The Top 10 Reasons Baseball Fans Make Better Managers
My father wrote an article on his blog. He is not getting any reads on the blog so we are publishing the article here too. He did a great job and I am very proud of him. Enjoy...
The sky is blue, the birds are singing, and a young (at heart) man’s thoughts turn to baseball.
Maybe I’ve just been wasting my time all these years following baseball, but I like to think that it taught me the following:
10. Appreciation of history and tradition
9. Resilience, and acceptance of defeat
8. How individuals work in teams
7. Critical thinking
6. Love of stats—and the skills to use them and detect when others abuse them
5. Appreciation of randomness, and of our instinct to read patterns into such randomness
4. Acceptance of the unknowable
1. Love of excellence
You may notice that many of the above fall into the realm of realizing what we can and can’t know, promise, or do.
When you hear overconfidence, unjustified certainty, and impulsiveness, the odds are good that you’re not hearing a baseball fan.
When you hear somebody take a few coincidences and declare it a pattern, it’s a mind untrained by baseball.
And when you hear the arrogance of a know-it-all who thinks he can do it all himself, maybe he likes basketball, but not baseball.
I still remember being at Shea Stadium with my father watching Dwight Gooden’s 100th win, and my annoyance at my father for not admitting that Dwight was an absolute certainty to reach the Hall-of-Fame. Almost 20 years later, I was fortunate to be back at the same stadium—for the last time watching with my wife as Johan Santana won his 100th game. In some ways, I appreciated Santana’s achievement more, knowing how special it is to watch a player maintaining excellence.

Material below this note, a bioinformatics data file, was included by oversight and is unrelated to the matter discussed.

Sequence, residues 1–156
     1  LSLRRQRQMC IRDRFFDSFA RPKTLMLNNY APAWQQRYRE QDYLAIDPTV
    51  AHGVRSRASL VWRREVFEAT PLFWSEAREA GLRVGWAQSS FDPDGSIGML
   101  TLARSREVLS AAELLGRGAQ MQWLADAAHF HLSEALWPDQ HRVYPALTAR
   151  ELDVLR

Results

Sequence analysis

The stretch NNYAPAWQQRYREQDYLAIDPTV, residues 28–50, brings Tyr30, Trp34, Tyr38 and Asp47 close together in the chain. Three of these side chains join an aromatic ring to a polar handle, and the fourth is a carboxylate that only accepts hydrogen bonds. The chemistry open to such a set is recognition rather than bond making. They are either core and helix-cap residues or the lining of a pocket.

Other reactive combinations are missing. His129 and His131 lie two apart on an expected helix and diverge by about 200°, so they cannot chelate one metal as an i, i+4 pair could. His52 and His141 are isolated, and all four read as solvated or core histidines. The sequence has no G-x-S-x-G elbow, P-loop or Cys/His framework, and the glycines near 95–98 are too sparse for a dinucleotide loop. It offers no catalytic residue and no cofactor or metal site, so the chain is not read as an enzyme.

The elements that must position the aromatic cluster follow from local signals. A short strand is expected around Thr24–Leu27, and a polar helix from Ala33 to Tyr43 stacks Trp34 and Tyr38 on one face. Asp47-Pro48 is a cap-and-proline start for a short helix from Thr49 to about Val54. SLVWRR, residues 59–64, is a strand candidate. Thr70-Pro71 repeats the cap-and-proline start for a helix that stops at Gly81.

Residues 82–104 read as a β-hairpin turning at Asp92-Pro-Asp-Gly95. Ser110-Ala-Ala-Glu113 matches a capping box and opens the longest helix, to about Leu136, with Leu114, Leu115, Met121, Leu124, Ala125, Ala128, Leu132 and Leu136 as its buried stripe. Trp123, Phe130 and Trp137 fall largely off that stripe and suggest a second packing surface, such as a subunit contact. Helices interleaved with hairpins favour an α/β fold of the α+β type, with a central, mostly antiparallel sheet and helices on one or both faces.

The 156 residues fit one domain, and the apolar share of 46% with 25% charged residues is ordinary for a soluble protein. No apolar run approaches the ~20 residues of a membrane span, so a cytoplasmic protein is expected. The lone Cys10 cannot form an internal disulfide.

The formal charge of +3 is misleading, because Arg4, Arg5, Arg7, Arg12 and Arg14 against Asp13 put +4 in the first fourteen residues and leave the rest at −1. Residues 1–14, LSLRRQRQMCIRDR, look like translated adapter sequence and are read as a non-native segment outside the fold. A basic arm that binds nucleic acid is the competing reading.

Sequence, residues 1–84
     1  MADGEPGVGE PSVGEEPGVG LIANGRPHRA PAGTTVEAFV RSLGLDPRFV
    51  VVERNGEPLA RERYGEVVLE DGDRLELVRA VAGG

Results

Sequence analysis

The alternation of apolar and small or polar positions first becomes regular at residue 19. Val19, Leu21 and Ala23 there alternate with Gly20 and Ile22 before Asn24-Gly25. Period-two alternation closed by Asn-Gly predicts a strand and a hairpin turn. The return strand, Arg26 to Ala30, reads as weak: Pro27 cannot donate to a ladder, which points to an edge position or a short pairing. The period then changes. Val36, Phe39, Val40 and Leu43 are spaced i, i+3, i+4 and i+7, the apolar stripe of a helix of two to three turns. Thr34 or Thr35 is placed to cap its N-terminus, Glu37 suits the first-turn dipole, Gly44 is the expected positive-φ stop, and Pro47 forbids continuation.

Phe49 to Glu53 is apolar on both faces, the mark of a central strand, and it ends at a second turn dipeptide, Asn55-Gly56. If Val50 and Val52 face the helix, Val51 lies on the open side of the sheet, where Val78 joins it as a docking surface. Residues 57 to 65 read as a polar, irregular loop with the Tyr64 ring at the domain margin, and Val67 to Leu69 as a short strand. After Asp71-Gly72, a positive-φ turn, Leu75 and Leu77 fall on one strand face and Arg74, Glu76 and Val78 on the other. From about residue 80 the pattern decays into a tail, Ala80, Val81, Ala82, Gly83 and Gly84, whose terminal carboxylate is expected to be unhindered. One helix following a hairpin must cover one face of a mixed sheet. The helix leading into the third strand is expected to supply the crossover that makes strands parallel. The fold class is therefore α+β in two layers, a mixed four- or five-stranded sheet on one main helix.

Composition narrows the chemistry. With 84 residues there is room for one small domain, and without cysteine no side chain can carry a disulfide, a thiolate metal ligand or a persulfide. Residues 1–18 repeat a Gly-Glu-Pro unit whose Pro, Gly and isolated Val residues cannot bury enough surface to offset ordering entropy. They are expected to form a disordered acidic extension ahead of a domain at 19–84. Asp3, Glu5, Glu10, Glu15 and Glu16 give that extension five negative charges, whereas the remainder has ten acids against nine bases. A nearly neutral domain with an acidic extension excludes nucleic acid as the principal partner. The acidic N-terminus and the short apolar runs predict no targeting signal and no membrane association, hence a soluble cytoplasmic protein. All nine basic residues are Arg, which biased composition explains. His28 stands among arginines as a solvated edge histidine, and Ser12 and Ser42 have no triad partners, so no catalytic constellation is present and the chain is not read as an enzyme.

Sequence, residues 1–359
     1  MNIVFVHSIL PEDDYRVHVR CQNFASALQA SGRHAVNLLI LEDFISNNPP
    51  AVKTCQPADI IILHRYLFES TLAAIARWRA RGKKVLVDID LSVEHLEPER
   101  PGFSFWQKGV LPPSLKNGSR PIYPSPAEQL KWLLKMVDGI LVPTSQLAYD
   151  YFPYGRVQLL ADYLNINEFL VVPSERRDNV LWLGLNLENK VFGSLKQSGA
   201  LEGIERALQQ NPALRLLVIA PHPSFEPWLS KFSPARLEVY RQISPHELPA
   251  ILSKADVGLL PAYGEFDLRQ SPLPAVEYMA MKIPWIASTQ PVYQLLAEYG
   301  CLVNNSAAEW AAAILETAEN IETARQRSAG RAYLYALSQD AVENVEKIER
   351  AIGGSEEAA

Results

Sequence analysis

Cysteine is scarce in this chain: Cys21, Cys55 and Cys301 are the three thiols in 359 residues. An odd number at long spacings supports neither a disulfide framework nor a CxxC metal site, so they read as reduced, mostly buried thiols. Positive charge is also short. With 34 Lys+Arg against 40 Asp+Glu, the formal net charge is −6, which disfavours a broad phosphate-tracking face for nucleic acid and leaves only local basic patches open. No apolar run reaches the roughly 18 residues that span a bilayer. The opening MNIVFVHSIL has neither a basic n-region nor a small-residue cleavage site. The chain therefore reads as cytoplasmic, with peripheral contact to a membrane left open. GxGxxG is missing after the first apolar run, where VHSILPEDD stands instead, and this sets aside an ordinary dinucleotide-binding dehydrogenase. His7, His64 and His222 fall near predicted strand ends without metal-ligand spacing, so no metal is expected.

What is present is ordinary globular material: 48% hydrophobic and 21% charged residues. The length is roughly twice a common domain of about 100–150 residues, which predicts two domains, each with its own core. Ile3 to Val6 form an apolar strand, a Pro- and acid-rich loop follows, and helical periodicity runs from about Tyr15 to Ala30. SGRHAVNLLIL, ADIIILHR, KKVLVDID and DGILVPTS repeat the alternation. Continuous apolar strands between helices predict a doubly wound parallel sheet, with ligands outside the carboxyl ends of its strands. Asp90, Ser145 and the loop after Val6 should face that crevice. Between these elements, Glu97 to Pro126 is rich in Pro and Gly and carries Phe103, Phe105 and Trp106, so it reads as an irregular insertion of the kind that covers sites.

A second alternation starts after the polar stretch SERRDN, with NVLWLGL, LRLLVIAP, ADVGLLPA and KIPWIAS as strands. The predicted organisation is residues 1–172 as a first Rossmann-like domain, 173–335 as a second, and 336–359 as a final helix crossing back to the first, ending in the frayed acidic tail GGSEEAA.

Baseball is the sport of the 162 game season, where the best hitters are retired 70 percent of the time, and the best teams lose 40 percent of their games. It’s the game where knowledge and traditions are passed from one generation to another. I was recently at a Knicks game where they honored their greatest players of each decade. I never heard of the first few. That doesn’t happen in baseball.
Each young fan watches a player hit three home runs in his first four games and is sure he’ll hit at least 30 for the season. He gets so emotionally attached to his team that he greatly exaggerates their chances. He learns and he comes back the next year with the same hopes, but with a more realistic understanding of the odds.
The classic baseball poem is Casey at the Bat, the story of the poignant failure so brilliantly re-enacted a few years ago by Carlos Beltran.
Baseball, like life, establishes chaos, failure, ignorance, and darkness as the norm, and success and joy as that beautiful, special exception to be celebrated. Most people find that depressing. Baseball fans (except those soulless creatures from the Bronx) wouldn’t have it any other way.
Baseball demands you give it all your passion, but without losing control. Dream great dreams, but bounce back when they fail. Be part of a team, but stand alone at the plate.
It’s a game of words (does any other sport have Casey Stengel, Yogi Berra, and Damon Runyan?) and numbers, passion and patience, past, present, and future. The game where parents and children bond in a tradition., and all who partake are enriched.
So go take your boss and your team, or your sons and your daughters, out to the ballgame. You’ll all be better off for it.
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